The company has also announced that it is raising nationwide starting wages in its distribution centres.
“It is difficult to put into words how deeply proud we are of all our dedicated team members who have worked tirelessly on the front lines throughout this pandemic, showing up every day to take care of our customers,” said Johnny Morris, founder of Bass Pro Shops and White River Marine Group.
“They have done an absolutely remarkable job to help our customers get back to nature safely and responsibly by serving them in our stores, fulfilling orders in our distribution centers and building the very best boats and kayaks.
“We are very proud to reward our front-line team members with these well-deserved bonuses for all their efforts in these challenging times,” Morris added.
The company is currently hiring more than 5,000 employees.
Angling International – Anthony
Ontario Takes Steps to Better Protect Lakes, Rivers and Fisheries
Province releases final bait management strategy after extensive consultation
TORONTO – The Ontario government released its final bait management strategy to protect the province’s lakes and rivers from the threat of invasive species and fish diseases. As part of this new strategy, the government will be establishing four bait management zones to limit the movement of live bait across the province.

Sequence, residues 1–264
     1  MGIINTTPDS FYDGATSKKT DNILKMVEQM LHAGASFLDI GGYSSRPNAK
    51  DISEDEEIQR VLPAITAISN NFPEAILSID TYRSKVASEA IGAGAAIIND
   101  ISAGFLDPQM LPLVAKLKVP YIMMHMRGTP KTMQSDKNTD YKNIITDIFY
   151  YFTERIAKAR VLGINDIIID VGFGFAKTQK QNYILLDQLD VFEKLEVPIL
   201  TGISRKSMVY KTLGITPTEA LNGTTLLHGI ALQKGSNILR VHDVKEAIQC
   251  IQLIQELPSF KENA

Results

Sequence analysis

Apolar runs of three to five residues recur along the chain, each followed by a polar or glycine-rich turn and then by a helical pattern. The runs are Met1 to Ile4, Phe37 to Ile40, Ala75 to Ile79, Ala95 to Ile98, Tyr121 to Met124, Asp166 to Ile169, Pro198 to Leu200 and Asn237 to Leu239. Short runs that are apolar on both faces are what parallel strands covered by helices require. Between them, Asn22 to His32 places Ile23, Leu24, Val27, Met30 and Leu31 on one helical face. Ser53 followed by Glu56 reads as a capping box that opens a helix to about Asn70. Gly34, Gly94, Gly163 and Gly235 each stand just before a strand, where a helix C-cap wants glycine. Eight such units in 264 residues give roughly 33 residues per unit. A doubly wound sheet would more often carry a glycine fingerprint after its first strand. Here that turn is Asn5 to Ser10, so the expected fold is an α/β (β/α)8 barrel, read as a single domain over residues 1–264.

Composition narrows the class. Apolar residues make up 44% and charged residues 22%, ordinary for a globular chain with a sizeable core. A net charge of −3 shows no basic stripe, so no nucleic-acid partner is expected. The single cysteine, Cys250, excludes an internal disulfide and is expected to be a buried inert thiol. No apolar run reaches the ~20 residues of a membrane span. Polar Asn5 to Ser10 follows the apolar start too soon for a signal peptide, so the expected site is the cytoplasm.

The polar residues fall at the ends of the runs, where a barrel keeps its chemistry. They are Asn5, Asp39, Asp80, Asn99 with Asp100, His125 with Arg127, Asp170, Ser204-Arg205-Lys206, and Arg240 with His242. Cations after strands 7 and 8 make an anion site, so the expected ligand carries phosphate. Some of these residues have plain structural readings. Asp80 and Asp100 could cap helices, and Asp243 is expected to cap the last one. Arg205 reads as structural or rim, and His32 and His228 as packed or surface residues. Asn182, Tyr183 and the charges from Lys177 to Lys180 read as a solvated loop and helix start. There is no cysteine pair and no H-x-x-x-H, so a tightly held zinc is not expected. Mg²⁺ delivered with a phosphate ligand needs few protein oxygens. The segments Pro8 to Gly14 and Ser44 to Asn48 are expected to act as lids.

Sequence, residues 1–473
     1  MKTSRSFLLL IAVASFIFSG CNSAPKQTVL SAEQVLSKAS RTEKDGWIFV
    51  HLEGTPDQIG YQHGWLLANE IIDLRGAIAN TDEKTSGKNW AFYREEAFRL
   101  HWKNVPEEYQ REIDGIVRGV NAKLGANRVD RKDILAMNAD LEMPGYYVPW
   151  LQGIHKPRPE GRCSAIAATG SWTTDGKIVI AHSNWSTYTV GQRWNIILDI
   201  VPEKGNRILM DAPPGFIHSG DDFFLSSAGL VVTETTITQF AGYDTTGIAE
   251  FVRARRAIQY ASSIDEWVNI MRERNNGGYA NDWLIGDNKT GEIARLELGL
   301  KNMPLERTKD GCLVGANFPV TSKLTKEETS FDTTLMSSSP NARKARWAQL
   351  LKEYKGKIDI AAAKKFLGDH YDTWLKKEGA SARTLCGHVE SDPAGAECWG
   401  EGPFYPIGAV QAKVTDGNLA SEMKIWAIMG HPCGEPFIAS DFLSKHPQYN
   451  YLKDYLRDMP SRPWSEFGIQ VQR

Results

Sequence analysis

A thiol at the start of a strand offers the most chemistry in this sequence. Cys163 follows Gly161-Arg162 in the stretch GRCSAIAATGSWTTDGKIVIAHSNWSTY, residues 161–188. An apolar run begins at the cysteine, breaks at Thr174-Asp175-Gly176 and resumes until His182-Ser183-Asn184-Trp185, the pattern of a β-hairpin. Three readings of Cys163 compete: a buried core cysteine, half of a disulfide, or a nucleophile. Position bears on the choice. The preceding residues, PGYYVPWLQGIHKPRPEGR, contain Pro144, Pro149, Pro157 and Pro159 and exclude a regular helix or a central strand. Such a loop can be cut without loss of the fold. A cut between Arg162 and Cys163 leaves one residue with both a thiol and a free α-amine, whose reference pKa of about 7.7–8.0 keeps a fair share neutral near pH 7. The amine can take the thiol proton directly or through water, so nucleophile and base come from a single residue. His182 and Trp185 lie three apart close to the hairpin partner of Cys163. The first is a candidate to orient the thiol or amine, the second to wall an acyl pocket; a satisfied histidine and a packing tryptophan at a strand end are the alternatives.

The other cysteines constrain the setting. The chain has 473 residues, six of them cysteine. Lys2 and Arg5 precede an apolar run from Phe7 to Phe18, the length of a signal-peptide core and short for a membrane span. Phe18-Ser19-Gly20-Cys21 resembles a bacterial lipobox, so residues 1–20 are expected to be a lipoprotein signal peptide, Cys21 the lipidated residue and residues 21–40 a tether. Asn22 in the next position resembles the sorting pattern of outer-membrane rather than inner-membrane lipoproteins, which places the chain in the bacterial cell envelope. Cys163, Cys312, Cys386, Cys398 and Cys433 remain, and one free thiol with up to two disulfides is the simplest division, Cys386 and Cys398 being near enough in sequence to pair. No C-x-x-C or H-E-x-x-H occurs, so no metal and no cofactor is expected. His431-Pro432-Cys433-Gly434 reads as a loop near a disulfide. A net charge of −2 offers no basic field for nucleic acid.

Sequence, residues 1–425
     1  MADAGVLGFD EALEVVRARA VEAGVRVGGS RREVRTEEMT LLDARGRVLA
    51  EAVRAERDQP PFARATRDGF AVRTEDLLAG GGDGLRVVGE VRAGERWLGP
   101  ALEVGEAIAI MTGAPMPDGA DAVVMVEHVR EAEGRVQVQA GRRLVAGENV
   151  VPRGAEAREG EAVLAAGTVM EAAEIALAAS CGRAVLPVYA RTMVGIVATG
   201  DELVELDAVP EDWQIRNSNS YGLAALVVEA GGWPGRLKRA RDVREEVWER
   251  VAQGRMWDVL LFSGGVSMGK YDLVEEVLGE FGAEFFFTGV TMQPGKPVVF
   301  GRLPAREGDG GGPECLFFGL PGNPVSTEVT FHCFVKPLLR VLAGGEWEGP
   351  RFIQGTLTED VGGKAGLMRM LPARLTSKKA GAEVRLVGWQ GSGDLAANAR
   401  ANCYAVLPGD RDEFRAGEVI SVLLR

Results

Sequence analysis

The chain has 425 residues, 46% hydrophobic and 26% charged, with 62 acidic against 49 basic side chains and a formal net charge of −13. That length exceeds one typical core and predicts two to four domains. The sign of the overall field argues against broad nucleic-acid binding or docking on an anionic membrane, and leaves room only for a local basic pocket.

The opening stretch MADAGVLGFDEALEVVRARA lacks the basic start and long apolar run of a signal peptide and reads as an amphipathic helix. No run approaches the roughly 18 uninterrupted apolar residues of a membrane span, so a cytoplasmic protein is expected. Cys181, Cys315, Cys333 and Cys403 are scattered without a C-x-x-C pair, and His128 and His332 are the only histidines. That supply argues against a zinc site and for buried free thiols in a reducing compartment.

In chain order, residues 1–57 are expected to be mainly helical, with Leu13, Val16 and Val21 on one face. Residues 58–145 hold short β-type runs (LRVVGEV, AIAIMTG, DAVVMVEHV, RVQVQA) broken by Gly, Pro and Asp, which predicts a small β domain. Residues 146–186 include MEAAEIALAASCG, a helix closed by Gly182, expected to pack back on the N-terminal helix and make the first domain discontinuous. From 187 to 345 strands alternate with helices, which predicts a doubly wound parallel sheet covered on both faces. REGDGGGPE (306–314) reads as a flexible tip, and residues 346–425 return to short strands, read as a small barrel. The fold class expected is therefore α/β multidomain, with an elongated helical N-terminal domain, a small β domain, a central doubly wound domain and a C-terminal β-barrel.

“It is critically important to protect and preserve our lakes and rivers for people to enjoy for generations to come,” said Mike Harris, Parliamentary Assistant to the Minister of Natural Resources and Forestry. “This new strategy will go a long way towards reducing the risk of spreading aquatic invasive species and fish diseases that pose a serious threat to our fisheries and biodiversity. This initiative will also help us increase business certainty for the commercial industry that relies on bait.”